I am right now in the middle of incorporating the eSellerate engine into Scrivener. The eSellerate engine is basically just some code, a library and a website that handles the web store, serial numbers, activating the program, returns, e-mailing registration codes and so forth. Did I say “just”? It is actually a fantastic tool that shaves about a year’s work off a program and means that the developer can concentrate on improving (or using ) the program rather than on how to set up a web store and implement serial numbers and so forth. A lot of Mac (and Windows, for that matter) shareware apps use eSellerate, including CopyWrite, Fetch and various others.
(Note that although eSellerate will be embedded from beta 4, and therefore Scrivener will be ready to sell as soon as I decide it’s release time, the user won’t see any of this until it is release time, aside from a menu option to register that will do nothing.)
Anyway, as I integrate eSellerate, I have a few choices to make - about price, licensing and how to limit the application to registered users. Here are the choices I have made so far:
Price: The price for Scrivener is now set at $34.99. I have always said it would be between $30-$40, so I have plumped with a number right inbetween. I know some of you were trying to persuade me that the “sweet spot” would probably be $29.99, because of the psychological factor of it being under $30, but in the end that was just too low in UK pounds after NI, bank charges and eSellerate take their 10%. (US-based businesses have slightly lower outgoings.) I still think this is very reasonable when compared to the competition. CopyWrite and Avenir are only $5, Mori is $5 more, and Ulysses is a lot more expensive. So: $34.99, and cheap at half the price as my grandma used to say (a phrase I never quite understood - surely it should be “cheap at twice the price”, but then she was slightly batty).
Licence/Registration: When you receive your registration code after ordering, you will need to activate it by entering it into Scrivener, and hitting “Register” or “Activate” (whichever I name it). You will need a live internet connection for this, as your registration code will then be activated and tied to your machine. The licence gives you permission (and the ability) to install and activate Scrivener on the number of licences for which you pay + 3. So, if you buy 1 licence, you will be able to install it on 4 machines. If you buy 10 licences (bulk discounts are available), you can install it on 13 machines. This way, you should be able to install Scrivener on every computer in your household - I don’t expect you to have to pay for separate copies for your wife or kids. The licence will specify that it is a household licence, though - you are not allowed to use your extra activations to register Scrivener on a friend’s machine, for instance.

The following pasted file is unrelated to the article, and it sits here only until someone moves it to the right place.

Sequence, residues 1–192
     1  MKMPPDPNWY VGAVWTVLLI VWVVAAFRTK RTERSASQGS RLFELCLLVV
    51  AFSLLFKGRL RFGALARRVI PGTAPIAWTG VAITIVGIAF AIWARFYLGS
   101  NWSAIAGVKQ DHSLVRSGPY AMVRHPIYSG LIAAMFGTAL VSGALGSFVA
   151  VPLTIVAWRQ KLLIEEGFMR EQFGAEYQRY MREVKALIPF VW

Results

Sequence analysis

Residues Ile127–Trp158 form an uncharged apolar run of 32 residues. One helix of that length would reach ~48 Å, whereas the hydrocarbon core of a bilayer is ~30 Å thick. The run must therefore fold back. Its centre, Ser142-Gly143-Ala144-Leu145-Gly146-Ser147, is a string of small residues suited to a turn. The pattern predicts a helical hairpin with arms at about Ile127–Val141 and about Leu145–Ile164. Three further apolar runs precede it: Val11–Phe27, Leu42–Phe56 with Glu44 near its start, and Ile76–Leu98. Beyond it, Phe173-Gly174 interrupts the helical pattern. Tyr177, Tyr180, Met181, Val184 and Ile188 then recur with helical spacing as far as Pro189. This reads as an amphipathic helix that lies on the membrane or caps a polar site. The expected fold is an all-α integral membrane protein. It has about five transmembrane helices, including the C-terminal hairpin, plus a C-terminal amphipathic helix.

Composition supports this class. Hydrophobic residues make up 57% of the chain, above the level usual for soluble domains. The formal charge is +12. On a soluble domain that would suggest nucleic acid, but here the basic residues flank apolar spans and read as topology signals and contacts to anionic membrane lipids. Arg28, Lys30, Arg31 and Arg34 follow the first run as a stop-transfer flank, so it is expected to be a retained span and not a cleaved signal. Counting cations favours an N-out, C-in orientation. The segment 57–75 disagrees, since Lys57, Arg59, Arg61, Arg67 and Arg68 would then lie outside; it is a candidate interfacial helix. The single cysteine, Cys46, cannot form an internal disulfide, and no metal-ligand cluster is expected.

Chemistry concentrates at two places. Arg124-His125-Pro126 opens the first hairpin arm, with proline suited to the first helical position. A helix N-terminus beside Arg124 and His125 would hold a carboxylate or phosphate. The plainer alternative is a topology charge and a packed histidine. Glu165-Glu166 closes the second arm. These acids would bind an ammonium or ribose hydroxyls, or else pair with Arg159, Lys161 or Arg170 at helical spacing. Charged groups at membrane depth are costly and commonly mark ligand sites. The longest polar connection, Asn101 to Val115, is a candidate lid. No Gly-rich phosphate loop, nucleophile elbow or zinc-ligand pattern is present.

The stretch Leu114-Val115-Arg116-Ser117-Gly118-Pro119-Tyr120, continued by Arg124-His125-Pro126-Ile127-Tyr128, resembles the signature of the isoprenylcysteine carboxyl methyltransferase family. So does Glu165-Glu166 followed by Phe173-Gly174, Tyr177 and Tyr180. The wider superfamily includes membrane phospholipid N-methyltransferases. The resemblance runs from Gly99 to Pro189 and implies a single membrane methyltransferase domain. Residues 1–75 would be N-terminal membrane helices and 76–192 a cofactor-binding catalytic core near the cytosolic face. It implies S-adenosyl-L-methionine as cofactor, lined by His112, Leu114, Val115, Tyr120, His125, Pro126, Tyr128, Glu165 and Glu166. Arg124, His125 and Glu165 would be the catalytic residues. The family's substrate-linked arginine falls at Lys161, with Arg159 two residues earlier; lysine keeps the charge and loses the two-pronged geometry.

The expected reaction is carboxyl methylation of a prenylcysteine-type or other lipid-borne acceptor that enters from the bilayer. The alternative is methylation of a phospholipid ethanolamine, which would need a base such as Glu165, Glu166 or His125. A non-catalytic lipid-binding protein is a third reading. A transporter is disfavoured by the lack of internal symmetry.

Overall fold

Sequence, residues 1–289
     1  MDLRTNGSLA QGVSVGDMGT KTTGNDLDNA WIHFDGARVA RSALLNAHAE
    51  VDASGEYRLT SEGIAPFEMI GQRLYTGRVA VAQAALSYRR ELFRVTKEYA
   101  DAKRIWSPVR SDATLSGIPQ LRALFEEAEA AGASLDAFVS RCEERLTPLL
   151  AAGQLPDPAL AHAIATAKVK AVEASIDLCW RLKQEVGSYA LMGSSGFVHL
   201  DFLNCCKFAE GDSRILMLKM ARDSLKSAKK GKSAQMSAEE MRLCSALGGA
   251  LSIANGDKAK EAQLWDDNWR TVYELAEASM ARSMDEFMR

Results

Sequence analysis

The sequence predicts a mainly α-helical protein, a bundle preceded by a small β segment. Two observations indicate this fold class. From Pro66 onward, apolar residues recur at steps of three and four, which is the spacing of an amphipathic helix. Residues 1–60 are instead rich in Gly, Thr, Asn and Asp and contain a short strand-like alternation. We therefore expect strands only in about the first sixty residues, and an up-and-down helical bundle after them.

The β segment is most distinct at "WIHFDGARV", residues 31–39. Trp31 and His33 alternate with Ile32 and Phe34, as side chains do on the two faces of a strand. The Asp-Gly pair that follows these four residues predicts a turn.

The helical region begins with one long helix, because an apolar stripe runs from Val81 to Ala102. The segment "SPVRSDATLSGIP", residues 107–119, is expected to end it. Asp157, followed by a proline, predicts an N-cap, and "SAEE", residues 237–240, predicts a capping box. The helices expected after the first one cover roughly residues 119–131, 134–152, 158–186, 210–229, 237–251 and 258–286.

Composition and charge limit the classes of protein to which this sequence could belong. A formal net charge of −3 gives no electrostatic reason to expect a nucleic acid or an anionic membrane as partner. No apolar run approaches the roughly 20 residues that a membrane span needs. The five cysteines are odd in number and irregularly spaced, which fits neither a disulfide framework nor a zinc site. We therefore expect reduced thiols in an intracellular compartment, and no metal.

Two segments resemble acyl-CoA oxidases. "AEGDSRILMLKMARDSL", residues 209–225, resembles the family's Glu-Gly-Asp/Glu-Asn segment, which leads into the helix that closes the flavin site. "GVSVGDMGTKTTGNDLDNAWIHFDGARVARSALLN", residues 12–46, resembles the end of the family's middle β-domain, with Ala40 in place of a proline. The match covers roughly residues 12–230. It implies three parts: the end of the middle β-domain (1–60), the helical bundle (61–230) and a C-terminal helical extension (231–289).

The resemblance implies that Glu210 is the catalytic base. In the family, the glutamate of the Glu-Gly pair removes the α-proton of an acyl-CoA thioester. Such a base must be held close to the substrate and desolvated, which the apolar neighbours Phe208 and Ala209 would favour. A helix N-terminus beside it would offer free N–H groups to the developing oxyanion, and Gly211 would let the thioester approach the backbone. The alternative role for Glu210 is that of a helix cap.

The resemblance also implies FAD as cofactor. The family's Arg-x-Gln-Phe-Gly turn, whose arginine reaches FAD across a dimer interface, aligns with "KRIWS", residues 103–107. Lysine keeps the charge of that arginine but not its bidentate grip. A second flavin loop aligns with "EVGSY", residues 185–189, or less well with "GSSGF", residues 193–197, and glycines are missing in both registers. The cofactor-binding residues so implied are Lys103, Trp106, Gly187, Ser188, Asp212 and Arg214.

Hopefully all of this sounds fair and reasonable so far. I hope the idea of having to activate the software via the internet doesn’t put anybody off. Let me know if you are particularly averse to that.
Anyway, the final decision I have to make, and the one for which I really would appreciate some discussion, is how to set up a “trial version”. By this, I mean, how should Scrivener run if it has not been registered? These are the options as I see them:
30 day trial version. This is the standard way of doing trial versions. The program would be fully functional for a 30-day test period. On each launch there would be a nag box reminding the user how many days they have left (a bit like the beta nag box at the moment). After the 30-day trial period, the app would either: a) stop working altogether; or b) become crippled in some way (see below). There would be a nag box asking the user to buy the program (and probably an option to export work done so far in case they don’t want to buy).
Feature-limited trial. This is another commone one. If I took this route, certain features in the menu would not be available to the user. For instance, I would probably disable Export, though I’m not sure what else (suggestions?).
CopyWrite-style trial. CopyWrite has a rather innovative way of dealing with unregistered versions. In CopyWrite, if your version is unregistered, you can only create 5 documents, but everything else is fully functional. In Scrivener this is more complicated because you are allowed hierarchies, but I could do something similar. For instance, I could limit the number of documents you are allowed in the Draft. Or only allow a two-level structure in the Draft with only five documents in each group. Something like that.
Support limited trial. Some software doesn’t seem to have any limits on their trials - for instance, OmniOutliner and Mori. If I took this route, Scrivener would be fully-functional unregistered, but you would just have a nag box every time you opened it. This relies on people’s honesty, though, and is almost certain to result in lower revenue (I know that isn’t a concern from the user’s perspective ). Some programs just say that they will not reply to any support e-mails if you aren’t registered, so this is an option too, though personally I don’t think I could do this as I would feel too guilty. Also, it’s likely to put off buyers if you don’t respond to them just because they haven’t paid you yet.
So, these are some of the options. Let me know what you think.
Thanks and all the best,